For example, assume that OS_AUTHENT_PREFIX is set as follows:



The text of the OS_AUTHENT_PREFIX initialization parameter is case sensitive on some operating systems. See your operating system specific Oracle documentation for more information about this initialization parameter.

If a user with an operating system account named tsmith is to connect to an Oracle database and be authenticated by the operating system, Oracle checks that there is a corresponding database user OPS$tsmith and, if so, allows the user to connect. All references to a user authenticated by the operating system must include the prefix, as seen in OPS$tsmith.

The default value of this parameter is OPS$ for backward compatibility with previous versions of Oracle. However, you might prefer to set the prefix value to some other string or a null string (an empty set of double quotes: ""). Using a null string eliminates the addition of any prefix to operating system account names, so that Oracle user names exactly match operating system user names.

After you set OS_AUTHENT_PREFIX, it should remain the same for the life of a database. If you change the prefix, any database user name that includes the old prefix cannot be used to establish a connection, unless you alter the user name to have it use password authentication.

Creating a User Who is Authenticated Externally

The following statement creates a user who is identified by Oracle and authenticated by the operating system or a network service. This example assumes that OS_AUTHENT_PREFIX = "".


Using CREATE USER ... IDENTIFIED EXTERNALLY, you create database accounts that must be authenticated by the operating system or network service. Oracle will then rely on this external login authentication when it provides that specific operating system user with access to a specific database user's resources.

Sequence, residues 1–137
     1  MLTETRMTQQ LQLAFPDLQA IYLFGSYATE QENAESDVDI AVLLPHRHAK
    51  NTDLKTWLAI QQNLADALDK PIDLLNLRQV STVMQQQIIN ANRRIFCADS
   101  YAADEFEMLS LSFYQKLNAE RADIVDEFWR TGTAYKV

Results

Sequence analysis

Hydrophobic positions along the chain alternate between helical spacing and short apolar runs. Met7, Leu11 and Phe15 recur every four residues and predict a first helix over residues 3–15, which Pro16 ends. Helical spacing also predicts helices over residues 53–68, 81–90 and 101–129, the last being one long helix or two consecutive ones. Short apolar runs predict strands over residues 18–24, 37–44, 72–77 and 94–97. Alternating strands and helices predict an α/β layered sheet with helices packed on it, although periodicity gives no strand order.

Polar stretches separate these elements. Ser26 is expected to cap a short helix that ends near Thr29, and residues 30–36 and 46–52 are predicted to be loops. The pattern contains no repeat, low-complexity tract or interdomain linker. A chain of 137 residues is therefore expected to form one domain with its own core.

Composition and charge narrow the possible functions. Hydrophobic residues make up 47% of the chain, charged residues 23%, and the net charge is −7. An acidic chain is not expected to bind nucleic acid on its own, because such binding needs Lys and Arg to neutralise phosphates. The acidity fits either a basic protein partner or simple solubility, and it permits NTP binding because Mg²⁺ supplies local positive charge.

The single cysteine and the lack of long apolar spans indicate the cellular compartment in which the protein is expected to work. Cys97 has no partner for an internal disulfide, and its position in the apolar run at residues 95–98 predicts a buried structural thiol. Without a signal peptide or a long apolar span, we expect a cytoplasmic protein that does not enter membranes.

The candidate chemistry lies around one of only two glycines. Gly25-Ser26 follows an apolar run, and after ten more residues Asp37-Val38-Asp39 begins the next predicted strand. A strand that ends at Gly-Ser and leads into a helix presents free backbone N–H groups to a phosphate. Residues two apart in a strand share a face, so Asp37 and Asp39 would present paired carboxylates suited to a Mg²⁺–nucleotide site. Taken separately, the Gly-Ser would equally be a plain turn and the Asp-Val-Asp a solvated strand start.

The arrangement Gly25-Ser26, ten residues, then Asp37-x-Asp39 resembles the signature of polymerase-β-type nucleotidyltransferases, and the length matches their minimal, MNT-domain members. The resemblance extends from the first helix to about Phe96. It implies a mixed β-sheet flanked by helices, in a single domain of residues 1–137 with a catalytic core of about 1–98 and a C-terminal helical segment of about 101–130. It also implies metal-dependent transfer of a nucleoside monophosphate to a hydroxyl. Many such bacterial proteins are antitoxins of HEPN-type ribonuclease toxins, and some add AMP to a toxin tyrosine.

See Also:

Oracle Advanced Security Administrator's Guide for more information about external authentication

Operating System Authentication

By default, Oracle allows operating-system-authenticated logins only over secure connections, which precludes using Oracle Net and a shared server configuration. This default restriction prevents a remote user from impersonating another operating system user over a network connection.

Setting REMOTE_OS_AUTHENT to TRUE in the database's initialization parameter file forces the RDBMS to accept the client operating system user name received over a nonsecure connection and use it for account access. Since clients, in general, such as PCs, are not trusted to perform operating system authentication properly, it is very poor security practice to turn on this feature.

The default setting, REMOTE_OS_AUTHENT = FALSE, creates a more secure configuration that enforces proper, server-based authentication of clients connecting to an Oracle database.

Any change to this parameter takes effect the next time you start the instance and mount the database. Generally, user authentication through the host operating system offers faster and more convenient connection to Oracle without specifying a separate database user name or password. Also, user entries correspond in the database and operating system audit trails.

Network Authentication

Network authentication is performed using Oracle Advanced Security, which can be configured to use a third party service such as Kerberos. If you are using Oracle Advanced Security as your only external authentication service, the setting of the parameter REMOTE_OS_AUTHENT is irrelevant, since Oracle Advanced Security only allows secure connections.

Advantages of External Authentication

Following are advantages of external authentication:

Global Authentication and Authorization

Oracle Advanced Security enables you to centralize management of user-related information, including authorizations, in an LDAP-based directory service. Users can be identified in the database as global users, meaning that they are authenticated by SSL and that the management of these users is done outside of the database by the centralized directory service. Global roles are defined in a database and are known only to that database, but authorizations for such roles is done by the directory service.


You can also have users authenticated by SSL, whose authorizations are not managed in a directory; that is, they have local database roles only. See the Oracle Advanced Security Administrator's Guide for details.